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11.04.2017

So many cafés use “home-style” as a handy description of their aspirations that you may be forgiven for thinking of home as a place where meals are served on rough wooden platters and the wifi never works.

But home, among other things, is a place you miss; and G5A’s new café Port, by chance or design, recalls times and places we didn’t think Mumbai had room for any more. Tea Centre is gone; Samovar is over; you still can’t get a table at Prithvi Café (and it’s in Juhu — sorry!).

Scoot over instead with your jhola and bearded boyfriend to leisurely, sunlit Port, attached to Lakshmi Mills’ performance venue G5A. It’s both a Bombay theatre café and a re-imagination of one, right down to décor over-invested in friendly green plants and fat block-print cushions.

The food is intensely nostalgic: tomato sauce over pasta is peppery, fresh and deep red. A platter of chilli-cheese toast arrives topped with slivers of roasted bell peppers and generous sprinklings of rosemary; fresh lime water and lemon iced tea taste like they were brewed in a smart aunty’s kitchen, sweet but not too sweet, dashingly garnished with sprigs of mint.

Mediterranean eggs, perfectly fried and topped with heaps of shakshouka-style sauce, are so comforting that you may be willing to let your kurta-clad sweetie mansplain Stanislavski to you so you can eat it in peace.

On a melting summer afternoon, amidst smiling waiters in collared shirts and tables topped with almost-too kitschy aluminium platters, it’s possible to squint and imagine that Port is a 1970’s café where a barefoot painter might walk in and commandeer a table at any minute. Mediterranean eggs, perfectly fried and topped with heaps of shakshouka-style sauce, are so comforting that you may be willing to let your kurta-clad sweetie mansplain Stanislavski to you so you can eat it in peace.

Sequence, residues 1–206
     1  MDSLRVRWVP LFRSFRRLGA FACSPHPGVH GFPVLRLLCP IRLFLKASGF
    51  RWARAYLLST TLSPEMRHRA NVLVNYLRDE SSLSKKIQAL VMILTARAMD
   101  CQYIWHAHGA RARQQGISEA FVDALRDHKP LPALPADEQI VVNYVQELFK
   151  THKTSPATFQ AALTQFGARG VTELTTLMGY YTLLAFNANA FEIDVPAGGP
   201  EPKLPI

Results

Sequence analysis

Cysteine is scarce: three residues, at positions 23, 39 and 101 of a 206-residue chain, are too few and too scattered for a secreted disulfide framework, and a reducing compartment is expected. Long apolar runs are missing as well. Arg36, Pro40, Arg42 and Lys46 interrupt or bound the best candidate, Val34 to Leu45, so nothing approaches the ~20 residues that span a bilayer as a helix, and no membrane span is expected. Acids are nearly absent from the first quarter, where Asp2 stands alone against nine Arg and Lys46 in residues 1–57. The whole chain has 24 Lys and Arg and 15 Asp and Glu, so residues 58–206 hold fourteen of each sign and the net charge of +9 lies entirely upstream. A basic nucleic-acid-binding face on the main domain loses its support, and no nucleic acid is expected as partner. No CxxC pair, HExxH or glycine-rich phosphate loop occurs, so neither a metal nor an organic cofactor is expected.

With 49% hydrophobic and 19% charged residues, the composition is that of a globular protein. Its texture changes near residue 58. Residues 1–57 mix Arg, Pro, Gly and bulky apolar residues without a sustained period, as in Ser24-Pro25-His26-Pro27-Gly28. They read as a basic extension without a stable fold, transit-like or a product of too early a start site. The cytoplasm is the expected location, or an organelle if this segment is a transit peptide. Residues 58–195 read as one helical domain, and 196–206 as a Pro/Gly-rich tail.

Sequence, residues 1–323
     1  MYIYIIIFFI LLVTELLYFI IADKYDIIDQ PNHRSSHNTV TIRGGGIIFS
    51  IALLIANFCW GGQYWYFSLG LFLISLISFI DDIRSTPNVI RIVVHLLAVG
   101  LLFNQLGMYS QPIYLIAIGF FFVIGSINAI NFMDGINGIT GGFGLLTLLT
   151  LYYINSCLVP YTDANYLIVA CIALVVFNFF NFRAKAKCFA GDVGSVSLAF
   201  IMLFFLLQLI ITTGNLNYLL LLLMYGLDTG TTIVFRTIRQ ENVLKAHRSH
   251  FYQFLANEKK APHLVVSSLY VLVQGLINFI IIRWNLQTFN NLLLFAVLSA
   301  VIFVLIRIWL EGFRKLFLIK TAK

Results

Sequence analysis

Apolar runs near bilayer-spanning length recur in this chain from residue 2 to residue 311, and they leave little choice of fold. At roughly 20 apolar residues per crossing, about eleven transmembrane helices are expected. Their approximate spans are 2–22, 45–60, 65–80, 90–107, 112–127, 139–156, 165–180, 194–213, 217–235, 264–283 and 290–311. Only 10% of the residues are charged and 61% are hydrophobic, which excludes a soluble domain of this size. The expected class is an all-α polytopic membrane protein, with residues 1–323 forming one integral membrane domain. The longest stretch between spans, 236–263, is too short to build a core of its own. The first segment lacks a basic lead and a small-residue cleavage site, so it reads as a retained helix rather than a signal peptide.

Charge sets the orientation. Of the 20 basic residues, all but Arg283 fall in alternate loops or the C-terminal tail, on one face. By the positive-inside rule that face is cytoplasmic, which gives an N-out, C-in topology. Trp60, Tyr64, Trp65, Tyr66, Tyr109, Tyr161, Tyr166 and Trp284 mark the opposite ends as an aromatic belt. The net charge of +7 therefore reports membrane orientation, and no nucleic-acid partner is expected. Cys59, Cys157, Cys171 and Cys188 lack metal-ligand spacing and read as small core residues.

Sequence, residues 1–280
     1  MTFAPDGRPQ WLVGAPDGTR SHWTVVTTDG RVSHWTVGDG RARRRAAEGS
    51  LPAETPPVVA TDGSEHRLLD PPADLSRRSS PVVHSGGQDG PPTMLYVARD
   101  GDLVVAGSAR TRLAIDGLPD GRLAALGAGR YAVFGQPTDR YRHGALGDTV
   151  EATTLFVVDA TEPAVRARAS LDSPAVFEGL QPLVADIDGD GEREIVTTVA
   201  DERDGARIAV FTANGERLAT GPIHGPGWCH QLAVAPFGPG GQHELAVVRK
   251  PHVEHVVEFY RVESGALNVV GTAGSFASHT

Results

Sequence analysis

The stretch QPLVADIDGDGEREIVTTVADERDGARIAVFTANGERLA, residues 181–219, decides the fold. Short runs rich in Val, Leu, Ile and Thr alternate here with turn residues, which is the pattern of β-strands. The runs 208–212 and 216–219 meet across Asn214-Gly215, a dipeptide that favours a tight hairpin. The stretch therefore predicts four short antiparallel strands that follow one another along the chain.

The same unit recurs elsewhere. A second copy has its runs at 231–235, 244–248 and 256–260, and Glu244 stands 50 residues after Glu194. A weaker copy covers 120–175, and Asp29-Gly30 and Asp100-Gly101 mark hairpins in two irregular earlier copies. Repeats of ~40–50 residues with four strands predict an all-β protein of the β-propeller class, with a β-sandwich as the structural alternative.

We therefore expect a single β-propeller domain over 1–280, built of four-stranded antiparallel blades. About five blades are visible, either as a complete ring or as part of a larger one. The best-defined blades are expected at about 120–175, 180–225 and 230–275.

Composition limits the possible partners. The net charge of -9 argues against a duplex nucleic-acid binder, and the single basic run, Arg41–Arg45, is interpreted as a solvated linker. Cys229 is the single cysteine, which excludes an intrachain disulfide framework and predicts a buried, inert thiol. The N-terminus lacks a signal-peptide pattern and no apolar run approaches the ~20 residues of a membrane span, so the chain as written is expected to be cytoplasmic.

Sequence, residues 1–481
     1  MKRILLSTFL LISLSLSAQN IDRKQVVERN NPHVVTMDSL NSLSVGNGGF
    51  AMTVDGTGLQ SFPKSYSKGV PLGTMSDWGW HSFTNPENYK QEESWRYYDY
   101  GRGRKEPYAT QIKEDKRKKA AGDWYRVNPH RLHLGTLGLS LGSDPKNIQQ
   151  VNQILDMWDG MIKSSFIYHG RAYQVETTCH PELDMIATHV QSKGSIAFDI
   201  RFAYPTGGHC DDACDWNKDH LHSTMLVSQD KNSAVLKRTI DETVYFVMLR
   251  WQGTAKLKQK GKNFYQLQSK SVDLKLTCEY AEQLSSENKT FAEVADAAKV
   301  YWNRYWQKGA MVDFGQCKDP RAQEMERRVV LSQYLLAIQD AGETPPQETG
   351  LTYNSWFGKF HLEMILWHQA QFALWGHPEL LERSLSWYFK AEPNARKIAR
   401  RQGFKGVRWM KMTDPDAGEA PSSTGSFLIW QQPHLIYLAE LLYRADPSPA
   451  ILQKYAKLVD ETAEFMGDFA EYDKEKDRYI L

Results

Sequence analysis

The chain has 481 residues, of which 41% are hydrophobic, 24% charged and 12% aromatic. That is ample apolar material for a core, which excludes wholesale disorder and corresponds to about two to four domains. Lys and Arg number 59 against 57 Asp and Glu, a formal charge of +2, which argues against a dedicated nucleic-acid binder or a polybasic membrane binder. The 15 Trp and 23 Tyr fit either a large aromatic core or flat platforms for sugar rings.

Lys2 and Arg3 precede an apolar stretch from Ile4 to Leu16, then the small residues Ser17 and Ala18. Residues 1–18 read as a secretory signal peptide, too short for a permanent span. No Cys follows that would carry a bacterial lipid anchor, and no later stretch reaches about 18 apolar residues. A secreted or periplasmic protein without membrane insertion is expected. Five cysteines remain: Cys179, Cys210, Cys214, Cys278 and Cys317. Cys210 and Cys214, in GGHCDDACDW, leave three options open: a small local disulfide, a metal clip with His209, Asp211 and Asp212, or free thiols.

If you don’t like old-school carb delivery mechanisms and have no real emotional attachment to a lost world of arty Bombay café culture, tread carefully. Port’s flavours are broad and simple and there isn’t an unpolished grain to be found anywhere on the menu, even if we did spot — and avoid — an obligatory quinoa salad.

A ‘Port’ pizza, served with jalapeno, olives and stringy mozzarella, is pale of dough and chewy of crust. Cold coffee, fortified with a hefty dollop of vanilla ice-cream, is the sort of thing a granny might serve you if she was seeing you after a year. As for the brewed coffee, alas: matched against Blue Tokai in the same compound, it’s the beverage equivalent of burnt toast. Note: a new lunch menu that launches next week, promises a nutella-sea salt ice cream sandwich.    

We can’t wait to see Port overflowing with waxed moustaches and handloom saris after a G5A performance, but it might be even nicer on these hot, empty summer afternoons, where the tables — for now — are unoccupied and you, your laptop and a brunch that sticks to your ribs can all commune in a moment of old-fashioned happiness.

Getting there: Port, G5A, Lakshmi Mills Industrial Estate, Mahalakshmi, next to Masque. A meal for three costs Rs 1,900.

Accessibility: Ground-level entry but no ramps to get around; a pretty terrace is only accessible via stairs.

bpb reviews anonymously and pays for its own meals.

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Food & Drink